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Falsification of eternal inflation

by offroff
Tags: eternal, falsification, inflation
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offroff
#1
Mar17-11, 04:29 AM
P: 21
Almost all planets in a multiverse with eternal inflation will be much younger than our earth.

Almost all conscious creatures in such a multiverse will live on young planets with an exceptionally quick evolution (related to the theoretical expected evolution speed).

But we live on an old planet with an evolution that most biologists don't think is exceptionally quick.

I think the observation of our situation and this reasoning is a falsification of eternal inflation.

Why do people believe in eternal inflation anyway?
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skydivephil
#2
Mar17-11, 05:51 AM
P: 450
If you would like to understand the case for eternal inflation. Guth states it here:
http://arxiv.org/abs/hep-th/0702178
offroff
#3
Mar17-11, 06:11 AM
P: 21
I've read that.

Eternal inflation predicts that almost all conscious creatures live on planets with close to maximal evolution speed. That would mean that our earth is extremely atypical, it doesn't make sense.

skydivephil
#4
Mar17-11, 07:18 AM
P: 450
Falsification of eternal inflation

I dont think cacluating probabilites in the multiverse is as clear as youve suggested.
offroff
#5
Mar17-11, 08:15 AM
P: 21
I think it's clear and easy. If it's not I wish someone can explain why.
edgepflow
#6
Mar17-11, 02:47 PM
P: 688
I have worked through some of the math of choatic eternal inflation. It has its merits but there is quite a bit of hand waving and in the end I was not convinced I did a scientific calculation.

I would ask: is eternal inflation really needed to explain any observations?
Chalnoth
#7
Mar18-11, 05:20 AM
Sci Advisor
P: 4,782
Quote Quote by offroff View Post
Almost all planets in a multiverse with eternal inflation will be much younger than our earth.

Almost all conscious creatures in such a multiverse will live on young planets with an exceptionally quick evolution (related to the theoretical expected evolution speed).

But we live on an old planet with an evolution that most biologists don't think is exceptionally quick.

I think the observation of our situation and this reasoning is a falsification of eternal inflation.

Why do people believe in eternal inflation anyway?
Probabilities don't work that way. Basically, imagine the following: you have a hundred boxes. You live among the first ten of those boxes. Now, we have two competing theories: theory one suggests that boxes 1-20 are filled, while theory two suggests that only boxes 1-10 are filled.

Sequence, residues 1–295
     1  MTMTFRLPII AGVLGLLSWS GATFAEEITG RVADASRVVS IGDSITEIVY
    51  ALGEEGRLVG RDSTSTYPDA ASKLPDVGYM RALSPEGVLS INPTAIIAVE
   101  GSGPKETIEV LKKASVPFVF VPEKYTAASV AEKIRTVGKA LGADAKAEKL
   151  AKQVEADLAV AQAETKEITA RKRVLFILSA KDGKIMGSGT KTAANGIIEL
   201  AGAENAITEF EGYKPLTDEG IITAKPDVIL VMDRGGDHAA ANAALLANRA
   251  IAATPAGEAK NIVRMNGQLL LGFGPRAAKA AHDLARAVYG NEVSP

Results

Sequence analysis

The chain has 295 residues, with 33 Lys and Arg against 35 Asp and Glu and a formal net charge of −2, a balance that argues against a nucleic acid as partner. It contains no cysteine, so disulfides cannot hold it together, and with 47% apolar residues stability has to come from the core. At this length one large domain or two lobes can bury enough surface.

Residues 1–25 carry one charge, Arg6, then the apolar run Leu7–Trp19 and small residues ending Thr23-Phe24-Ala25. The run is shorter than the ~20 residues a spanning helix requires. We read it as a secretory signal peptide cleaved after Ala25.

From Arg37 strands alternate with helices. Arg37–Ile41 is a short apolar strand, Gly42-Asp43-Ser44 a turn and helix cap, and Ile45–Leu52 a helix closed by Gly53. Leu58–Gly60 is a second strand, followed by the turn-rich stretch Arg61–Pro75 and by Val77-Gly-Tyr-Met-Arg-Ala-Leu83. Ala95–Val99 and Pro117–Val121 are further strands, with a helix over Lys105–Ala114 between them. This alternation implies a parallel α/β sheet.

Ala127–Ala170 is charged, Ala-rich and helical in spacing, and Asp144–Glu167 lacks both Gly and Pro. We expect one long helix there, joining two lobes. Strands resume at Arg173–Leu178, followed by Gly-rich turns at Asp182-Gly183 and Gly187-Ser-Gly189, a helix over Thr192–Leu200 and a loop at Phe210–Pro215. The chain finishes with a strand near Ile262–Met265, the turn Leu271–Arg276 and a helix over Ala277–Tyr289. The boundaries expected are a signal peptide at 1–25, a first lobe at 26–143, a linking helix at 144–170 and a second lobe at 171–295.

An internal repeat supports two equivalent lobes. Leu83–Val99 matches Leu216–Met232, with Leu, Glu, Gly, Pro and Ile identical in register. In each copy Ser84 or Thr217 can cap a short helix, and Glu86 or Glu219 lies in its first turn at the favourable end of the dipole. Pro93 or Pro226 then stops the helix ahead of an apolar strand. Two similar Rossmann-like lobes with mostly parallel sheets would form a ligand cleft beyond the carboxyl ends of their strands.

It turns out that our existence in boxes 1-10 provides no evidence whatsoever one way or the other as to which of these theories is more accurate.
offroff
#8
Mar18-11, 05:36 AM
P: 21
Chalnoth,
I think you missed my argument, I'm afraid I didn't explain it very well.

Let's say we have a theory that says that one box is filled with blue color, and 99 boxes are filled with red color.
Another theory says that 99 boxes are filled with blue color and one box is filled with red color.

That's more like my argument. I think if we open a box with blue color we know which theory is the more probable.

Eternal inflation predicts that we find ourselves in a world with a very fast evolution. That's not what we see and from my point of view it makes eternal inflation an impossible theory.

Eternal inflation predicts red but we find blue. I'd be very happy if someone can understand my argument.
Chalnoth
#9
Mar18-11, 05:41 AM
Sci Advisor
P: 4,782
Quote Quote by offroff View Post
Chalnoth,
I think you missed my argument, I'm afraid I didn't explain it very well.

Let's say we have a theory that says that one box is filled with blue color, and 99 boxes are filled with red color.
Another theory says that 99 boxes are filled with blue color and one box is filled with red color.

That's more like my argument. I think if we open a box with blue color we know which theory is the more probable.
No, it doesn't work, because eternal inflation predicts that there are many more boxes. The point of my analogy is that you can't compute probabilities using simple ratios when the total number isn't conserved.
offroff
#10
Mar18-11, 06:37 AM
P: 21
Chalnoth,
You have no reason to be certain that this line of reasoning doesn't work, but you are right that I didn't define the problem very well.

Anyway, now I read Guths paper, it's a great one, and realize that this problem is very much about the youngness paradox. Guth believe that his reasoing about the youngness paradox is fine, but he admits:
"Although the problem of defining probabilities in eternally inflating universe has
not been solved"

So this is an open question I guess.

Then I would like to state the following: If the youngess paradox is true, then eternal inflation is false, because we have no reason to believe we are that special from a biological perspective.

What do you think of that statement?
Chalnoth
#11
Mar18-11, 07:31 AM
Sci Advisor
P: 4,782
Quote Quote by offroff View Post
Chalnoth,